This is, of course, a pointless column. The Republican presidential race is over, as you may have heard. Donald Trump has the nomination wrapped up – in the most luxurious, velveteen packaging you’ve ever seen.
You’ve seen his polling lead: It’s yuge. You’ve watched his rallies: They’re even yuger. You’ve heard from the insiders, the panjandrums, the grand poo-bahs: He’s a man they can do business with; Bob Dole guarantees it. You’ve heard from Sarah Palin, and when has her political judgment ever failed?
But just in case at some point over the next few months of voting (a mere technicality, but you have to let the people have their fun), one of Trump’s remaining rivals (I can barely remember their names, to be honest) wanted to waste money running attack ads against him (a strange, antiquated concept, I know), it seems worth suggesting some ideas for how the poor hapless dear might go about it.
Thus far Trump has faced two main attacks. First, that he’s an unserious creep who’s temperamentally unsuited for the presidency. Second, that he’s not a real conservative: that he lacks the Reaganite faith, the commitment to the right-wing catechism.
These attacks haven’t worked. Of course, they haven’t been offered all that often, or at least not by anyone polling above the single digits. But if you’re going to take a run at the Inevitable Nominee between now and his coronation, you might as well try something new.
So think back to that misty time, two years gone, when one of Trump’s current rivals – Chris Christie, that’s the one – was seen as the presumptive Republican front-runner. What was the basis of Christie’s appeal? Simply this: He was a jerk, but he was your jerk. He was rude – but to people who deserved it. He was an SOB – the SOB the country needed.
Then think about why the “Bridgegate” scandal was devastating to his image. Not because petty political payback is the worst thing in the world. Not because it proved Christie wasn’t a “true conservative.”
No, it devastated Christie because it flipped his brand. Instead of the jerk who looks out for the average guy, he became the jerk whose allies had stuck it to commuters. Instead of the tough guy fighting for you, he became the tough guy whose goons would mire their constituents in traffic for a pointless little feud.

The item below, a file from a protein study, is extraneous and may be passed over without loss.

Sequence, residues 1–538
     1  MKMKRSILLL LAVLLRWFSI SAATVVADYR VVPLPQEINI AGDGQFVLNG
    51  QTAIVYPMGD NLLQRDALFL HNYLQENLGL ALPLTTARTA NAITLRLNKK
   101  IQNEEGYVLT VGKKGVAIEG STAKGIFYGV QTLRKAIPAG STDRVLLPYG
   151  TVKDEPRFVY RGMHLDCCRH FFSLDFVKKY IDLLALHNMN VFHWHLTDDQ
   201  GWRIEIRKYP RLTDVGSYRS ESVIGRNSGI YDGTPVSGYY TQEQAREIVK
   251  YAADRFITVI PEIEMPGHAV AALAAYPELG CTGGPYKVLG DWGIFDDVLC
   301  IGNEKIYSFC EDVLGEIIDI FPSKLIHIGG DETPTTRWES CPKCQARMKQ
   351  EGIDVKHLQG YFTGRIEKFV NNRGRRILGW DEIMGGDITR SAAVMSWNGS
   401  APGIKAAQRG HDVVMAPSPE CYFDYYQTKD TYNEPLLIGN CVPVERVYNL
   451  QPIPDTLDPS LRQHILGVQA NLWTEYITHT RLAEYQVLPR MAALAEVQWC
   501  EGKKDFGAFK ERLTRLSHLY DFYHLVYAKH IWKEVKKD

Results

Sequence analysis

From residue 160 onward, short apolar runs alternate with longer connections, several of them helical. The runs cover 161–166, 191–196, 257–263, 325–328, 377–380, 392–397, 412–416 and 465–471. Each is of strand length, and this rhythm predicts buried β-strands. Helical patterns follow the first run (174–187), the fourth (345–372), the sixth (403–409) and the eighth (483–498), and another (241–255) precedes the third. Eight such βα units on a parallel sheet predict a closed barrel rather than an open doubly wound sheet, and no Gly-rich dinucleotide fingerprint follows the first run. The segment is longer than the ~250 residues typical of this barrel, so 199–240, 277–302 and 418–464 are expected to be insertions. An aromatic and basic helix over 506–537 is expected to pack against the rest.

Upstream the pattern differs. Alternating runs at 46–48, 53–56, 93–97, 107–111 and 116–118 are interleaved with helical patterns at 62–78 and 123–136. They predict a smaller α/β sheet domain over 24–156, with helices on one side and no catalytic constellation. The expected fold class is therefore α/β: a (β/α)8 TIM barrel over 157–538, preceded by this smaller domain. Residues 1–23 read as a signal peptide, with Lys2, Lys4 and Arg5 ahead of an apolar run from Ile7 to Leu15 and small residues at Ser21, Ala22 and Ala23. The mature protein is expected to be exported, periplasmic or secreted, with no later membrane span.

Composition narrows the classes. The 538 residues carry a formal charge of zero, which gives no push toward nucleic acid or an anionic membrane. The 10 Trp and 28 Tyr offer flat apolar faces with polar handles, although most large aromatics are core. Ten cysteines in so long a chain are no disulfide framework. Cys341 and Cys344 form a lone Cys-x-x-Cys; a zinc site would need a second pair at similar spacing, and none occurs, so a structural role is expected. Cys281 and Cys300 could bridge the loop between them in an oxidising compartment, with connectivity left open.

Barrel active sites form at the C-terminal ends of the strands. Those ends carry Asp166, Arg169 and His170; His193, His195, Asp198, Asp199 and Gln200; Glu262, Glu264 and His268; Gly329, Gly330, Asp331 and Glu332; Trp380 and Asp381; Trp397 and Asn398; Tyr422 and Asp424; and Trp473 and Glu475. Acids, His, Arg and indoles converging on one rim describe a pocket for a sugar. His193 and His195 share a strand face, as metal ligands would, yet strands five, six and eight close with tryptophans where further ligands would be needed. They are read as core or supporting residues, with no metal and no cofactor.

Now apply that model to the Inevitable Nominee. Calling Trump a creep and jerk and self-promoter clearly doesn’t work, because his voters have decided that someone with his business chops and middle-finger-first attitude is exactly what they need.
To attack him effectively, you have to go after the things that people like about him. You have to flip his brand.
So don’t tell people that he doesn’t know the difference between Kurds and the Quds Force. (They don’t either!) Tell people that he isn’t the incredible self-made genius that he plays on TV. Tell them about all the money he inherited from his daddy. Tell them about the bailouts that saved him from ruin. Tell them about all his cratered companies. Then find people who suffered from those fiascos – workers laid off following his bankruptcies, homeowners who bought through Trump Mortgage, people who ponied up for sham degrees from Trump University.
Or just take a camera crew around Atlantic City, and slap Trump’s name on what you find.
Likewise, don’t get mired in philosophical arguments about big government and crony capitalism. Find the people hurt by Trump’s attempts to exploit eminent domain: The widow whose boardinghouse he wanted to demolish to make room for a limo parking lot, the small-business people whose livelihoods he wanted to redevelop out of existence.
(One of the Donald’s foredoomed rivals, Ted Cruz, actually just cut an ad along these lines. But of course it’s too late for that to work.)
Finally: Calling Trump out for having “New York values” when you mean “thrice-married, coarse, and libertine” is telling people what they already know. If you want to persuade his voters that his “New York values” are a problem for them, put his alleged dealings with the Mafia on the table.
All of this is not particularly complicated. It’s roughly what the Democrats did to Mitt Romney, rendering him radioactive with many of the same working-class voters currently backing Trump.
Except with Trump the trick is subtly different. Mitt was a numbers guy, so he was caricatured as a cruel Scrooge. But Trump is a salesman: That’s been a big part of his campaign’s success. And how do you flip a salesman’s brand? You persuade people that he’s a con artist, and they’re his marks.
Or at least that’s what you would do, if the primary campaign weren’t over already.
But since it is, I guess I’m just offering general-election advice. Maybe Bernie Sanders will take it.